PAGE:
What makes the iPad Mini (2019) great is the fact you can use the Apple Pencil alongside it, turning the iPad Mini into a tiny notebook in your pocket.

The iPad Mini is one of the best small tablets you can get at its price point, so if you’re looking for an easily totable pocket powerhouse, you can’t get much better than this little monster.

Read the full review: iPad Mini (2019)

iPad Pro 10.5

The iPad Pro 10.5-inch version is an all-star tablet which has since been superseded by the iPad Pro 11. There’s good news for the Pro 10.5 though, as this means it’s now cheaper – though it’s also no longer sold direct from Apple.

Its bright ProMotion Retina HD screen is its best selling point. It adds an impressive layer of fluidity to daily use – if not strictly necessary – and the smaller bezels means you’re getting far more display in a footprint not much bigger than 2016’s 9.7. 

It’s an iPad for the professionals – but also one that media munchers will adore using.

It takes advantage of the Apple Pencil and several tablet-focused features like the dock, Control Center and Instant Markup with the stylus. If you invest in the recommended Smart Keyboard, you can attach it to a Pro-level iPad without jumping through all of the hoops of Bluetooth.

Read the full review: iPad Pro 10.5

iPad 9.7

This is a good Apple iPad for the average consumer and for education, even if it isn’t the most powerful one available. It’s still great value. That said, the newer iPad 10.2 has it beat for most users, and has the advantage of still being sold direct from Apple, which this model isn’t.

The iPad (2018) replaces the very similar 2017 model, slotting in below the Pro and Air ranges with a dependable tablet that hasn’t changed much in years – but Apple clearly feels it doesn’t need to mess with success.

The basic iPad works with the Apple Pencil, offering you the cheapest way to doodle on the 9.7-inch glass – though you can’t get the Smart Keyboard with this non-Pro model, for that you’ll need the newer 10.2-inch one.

It also has the same luxurious metal unibody as the rest of Apple’s iPad range, though notably it’s ever-so-slightly thicker than the iPad Air 2 or iPad Pro at 7.5mm.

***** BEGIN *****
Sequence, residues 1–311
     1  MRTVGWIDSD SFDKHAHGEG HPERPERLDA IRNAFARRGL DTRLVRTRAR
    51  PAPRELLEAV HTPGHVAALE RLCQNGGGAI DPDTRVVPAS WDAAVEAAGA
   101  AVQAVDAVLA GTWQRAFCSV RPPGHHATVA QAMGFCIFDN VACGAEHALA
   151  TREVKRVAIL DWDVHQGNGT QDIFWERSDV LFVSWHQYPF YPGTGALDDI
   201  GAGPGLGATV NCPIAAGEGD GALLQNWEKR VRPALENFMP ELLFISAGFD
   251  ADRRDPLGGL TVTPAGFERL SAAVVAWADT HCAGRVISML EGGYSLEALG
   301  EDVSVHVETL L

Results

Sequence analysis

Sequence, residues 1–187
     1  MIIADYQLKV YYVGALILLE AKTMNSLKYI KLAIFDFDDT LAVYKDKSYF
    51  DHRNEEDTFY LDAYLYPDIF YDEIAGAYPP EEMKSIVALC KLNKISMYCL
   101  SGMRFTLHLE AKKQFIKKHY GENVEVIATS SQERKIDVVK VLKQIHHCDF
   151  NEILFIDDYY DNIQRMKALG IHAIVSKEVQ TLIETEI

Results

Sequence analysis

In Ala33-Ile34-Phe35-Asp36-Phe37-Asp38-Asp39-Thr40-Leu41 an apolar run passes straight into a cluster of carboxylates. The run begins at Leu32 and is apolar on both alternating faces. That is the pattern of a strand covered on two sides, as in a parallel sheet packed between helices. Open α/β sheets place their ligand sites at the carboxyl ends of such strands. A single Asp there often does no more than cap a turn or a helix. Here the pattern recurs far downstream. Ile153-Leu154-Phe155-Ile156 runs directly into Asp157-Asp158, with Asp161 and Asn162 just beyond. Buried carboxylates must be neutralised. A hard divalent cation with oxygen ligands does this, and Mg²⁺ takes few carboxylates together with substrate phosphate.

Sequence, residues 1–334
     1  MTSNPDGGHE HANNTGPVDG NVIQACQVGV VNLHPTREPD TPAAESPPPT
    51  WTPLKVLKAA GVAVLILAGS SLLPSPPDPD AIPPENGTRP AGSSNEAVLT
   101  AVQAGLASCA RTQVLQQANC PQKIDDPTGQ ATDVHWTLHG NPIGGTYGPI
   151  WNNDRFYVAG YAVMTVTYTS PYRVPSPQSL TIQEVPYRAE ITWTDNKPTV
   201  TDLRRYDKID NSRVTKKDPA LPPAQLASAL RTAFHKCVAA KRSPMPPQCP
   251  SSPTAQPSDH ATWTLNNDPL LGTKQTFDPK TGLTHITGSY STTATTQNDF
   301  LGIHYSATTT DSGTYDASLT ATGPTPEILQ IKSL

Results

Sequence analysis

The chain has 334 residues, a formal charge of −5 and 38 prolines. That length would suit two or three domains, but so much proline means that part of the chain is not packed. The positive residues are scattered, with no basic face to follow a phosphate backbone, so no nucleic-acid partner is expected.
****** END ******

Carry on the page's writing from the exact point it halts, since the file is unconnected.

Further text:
With the Touch ID fingerprint sensor included, iPadOS 13 under the hood and up to 10 hours of battery life when web browsing or watching videos, it’s a great media player and a strong tablet choice if you’re not planning to use it heavily for productivity.

Read the full review: iPad 9.7 (2018)

iPad 9.7 (2017)

The iPad (2017) marked a name shift for Apple’s tablets, as the Cupertino, California firm dropped ‘Air’ in favor for the cleaner moniker. 

The iPad from 2017 has since been replaced by the iPad (2018) and iPad 10.2, but it’s still a solid buy if you’re looking for a more affordable Apple slate.

The only real problem is the newer iPads aren’t that much more, so unless you’re on a really tight budget, the newer versions are a better buy, especially as this model isn’t still sold by Apple.

Read the full review: iPad (2017)

iPad Pro 12.9 (2017)

We really like the iPad Pro 12.9 (2017) for its large size and – other than the newer iPad Pro 12.9 model – it’s the closest thing we have to a 2-in-1 touchscreen MacBook. It just happens to run iPadOS 13 instead of macOS. 

It’s one of the best productivity and entertainment tablets around thanks to its 12.9-inch screen, four speakers and the dock and multitasking interface. Apple has redesigned its Control Center interface to make app switching even easier, and this tablet is compatible with the Apple Pencil and Smart Keyboard.

It’s biggest weakness? The iPad Pro 12.9-inch price, and the size isn’t a good fit for everyone. But If you can afford it and want the largest-sized iPad available, you’re going to love this – it’s a laptop-replacement for a lot of people out there.

Read the full review: iPad Pro 12.9 (2017)

iPad Mini 4

Big screens aren’t for everyone, and that’s where the 7.9-inch iPad Mini 4 comes in. The screen size means it’s far more portable than Apple’s larger tablets, especially as it’s light at 299g. It’s not quite small enough that you can use it one handed, but you can comfortably hold it for a lot longer than most of Apple’s slates, or throw it in a bag and forget about it.

It’s also big enough to enjoyably browse the net or watch videos on when you’re away from home and bigger screens, but it’s obviously not quite as strong an experience for most visual media as Apple’s larger 9.7, 10.2, 10.5, 11 and 12.9-inch slates.

The small size and lack of Smart Connector also makes it worse for productivity than the iPad Pro range, but this isn’t designed as a laptop replacement.

It’s still fairly powerful thanks to 2GB of RAM and the aging but still impressive Apple A8 chip, while the screen is sharp, rich and easy to see even in bright sunlight.

The iPad Mini 4 is also a fraction of the price of Apple’s Pro range, and with 128GB of storage you needn’t be terribly limited in that area – though it’s no match for the 256GB you can get in the iPad Pro.

Notably it has now been replaced by the iPad Mini (2019), which will be a much better buy for most people, but this remains a solid slate.

Read the full review: iPad Mini 4

Best iPads at a glance:

  1. iPad Pro 11
  2. iPad Pro 12.9
  3. iPad 10.2
  4. iPad Air 10.5
  5. iPad Mini (2019)
  6. iPad Pro 10.5 (2017)
  7. iPad 9.7 (2018)
  8. iPad (2017)
  9. iPad Pro 12.9 (2017)
  10. iPad Mini 4